Hughes’ Blues: The Langston Hughes Songbook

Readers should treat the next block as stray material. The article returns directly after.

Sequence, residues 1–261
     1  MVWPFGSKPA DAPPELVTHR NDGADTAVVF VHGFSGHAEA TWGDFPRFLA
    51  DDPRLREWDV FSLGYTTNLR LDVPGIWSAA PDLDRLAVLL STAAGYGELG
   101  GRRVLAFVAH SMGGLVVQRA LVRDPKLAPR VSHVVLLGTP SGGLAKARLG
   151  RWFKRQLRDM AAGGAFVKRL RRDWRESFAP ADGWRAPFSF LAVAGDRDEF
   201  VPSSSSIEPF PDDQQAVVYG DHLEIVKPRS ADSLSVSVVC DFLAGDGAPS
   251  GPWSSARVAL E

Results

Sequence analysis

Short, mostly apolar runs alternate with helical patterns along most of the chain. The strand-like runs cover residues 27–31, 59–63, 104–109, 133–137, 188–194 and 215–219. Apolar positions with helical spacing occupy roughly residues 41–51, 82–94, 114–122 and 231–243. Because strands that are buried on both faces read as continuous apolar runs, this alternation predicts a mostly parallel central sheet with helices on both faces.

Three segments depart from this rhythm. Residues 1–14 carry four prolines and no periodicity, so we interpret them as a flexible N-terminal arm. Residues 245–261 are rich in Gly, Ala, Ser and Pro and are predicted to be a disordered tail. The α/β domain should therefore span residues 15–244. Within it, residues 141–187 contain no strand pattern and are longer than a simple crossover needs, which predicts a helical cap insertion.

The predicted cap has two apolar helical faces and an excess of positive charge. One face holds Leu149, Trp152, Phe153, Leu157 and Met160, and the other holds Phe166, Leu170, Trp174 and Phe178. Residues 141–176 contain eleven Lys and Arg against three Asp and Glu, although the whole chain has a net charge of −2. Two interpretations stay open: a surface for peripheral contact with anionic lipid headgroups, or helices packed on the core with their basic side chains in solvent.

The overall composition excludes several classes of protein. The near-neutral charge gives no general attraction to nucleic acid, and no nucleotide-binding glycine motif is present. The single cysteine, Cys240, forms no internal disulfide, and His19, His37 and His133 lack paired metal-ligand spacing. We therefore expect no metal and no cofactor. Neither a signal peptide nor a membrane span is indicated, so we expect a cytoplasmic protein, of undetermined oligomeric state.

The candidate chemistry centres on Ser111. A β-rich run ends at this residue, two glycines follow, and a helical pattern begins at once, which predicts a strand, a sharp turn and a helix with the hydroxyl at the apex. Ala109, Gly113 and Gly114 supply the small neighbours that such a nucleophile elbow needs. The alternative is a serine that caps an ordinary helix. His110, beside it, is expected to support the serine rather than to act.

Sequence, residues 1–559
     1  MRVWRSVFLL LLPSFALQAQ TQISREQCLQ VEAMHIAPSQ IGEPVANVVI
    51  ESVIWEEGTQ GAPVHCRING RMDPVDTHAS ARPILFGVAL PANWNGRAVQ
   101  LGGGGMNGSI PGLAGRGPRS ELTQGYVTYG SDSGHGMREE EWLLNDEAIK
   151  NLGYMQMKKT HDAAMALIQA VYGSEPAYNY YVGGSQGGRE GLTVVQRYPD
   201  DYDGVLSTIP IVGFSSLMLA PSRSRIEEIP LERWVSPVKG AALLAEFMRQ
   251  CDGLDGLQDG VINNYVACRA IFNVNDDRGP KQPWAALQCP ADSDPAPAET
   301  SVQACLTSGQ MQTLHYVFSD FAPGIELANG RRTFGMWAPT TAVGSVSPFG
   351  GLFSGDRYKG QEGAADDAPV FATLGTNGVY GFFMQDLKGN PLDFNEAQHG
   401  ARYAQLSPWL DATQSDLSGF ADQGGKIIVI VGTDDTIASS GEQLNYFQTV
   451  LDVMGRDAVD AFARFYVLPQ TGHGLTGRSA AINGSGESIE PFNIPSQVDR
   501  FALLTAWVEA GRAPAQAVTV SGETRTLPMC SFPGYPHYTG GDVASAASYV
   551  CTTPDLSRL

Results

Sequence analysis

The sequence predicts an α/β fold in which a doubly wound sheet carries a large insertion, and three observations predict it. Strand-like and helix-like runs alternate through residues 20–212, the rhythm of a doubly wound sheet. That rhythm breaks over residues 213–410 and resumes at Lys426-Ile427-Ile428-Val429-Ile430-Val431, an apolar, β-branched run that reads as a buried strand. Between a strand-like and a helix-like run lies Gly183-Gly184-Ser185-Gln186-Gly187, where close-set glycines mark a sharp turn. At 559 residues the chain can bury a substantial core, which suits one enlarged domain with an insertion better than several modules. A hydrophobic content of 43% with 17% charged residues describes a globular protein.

We know Langston Hughes as a celebrated African-American author of poems, essays, stories, memoirs and more. But Hughes also wrote songs-hundreds of them. Music was at the heart of his work, with jazz and blues informing the cadences, structures, and subject matter of many of his poems. In an early essay, "The Negro Artist and the Racial Mountain," he touted jazz and blues as a valid and vital expression of African-American identity in art; he was one of the few literary figures in the Harlem Renaissance to do so. "The Langston Hughes Songbook" features a diverse group of artists performing songs with lyrics written by Hughes. We'll hear a live version of Nina Simone's 1960s anthem "Backlash Blues," the legendary stride pianist James P. Johnson playing the one period recording from a long-lost "blues opera" that he and Hughes wrote, Johnny Mercer and June Christy offering their takes on Hughes' musical collaborations with famed composer Kurt Weill, Abbey Lincoln's recording of Hughes and jazz pianist Randy Weston's "African Lady," Hughes' own spoken-word encounters with bassist Charles Mingus, and saxophonist-singer Gary Bartz's grooving feel-good adaptation of Hughes' first-ever published poem.

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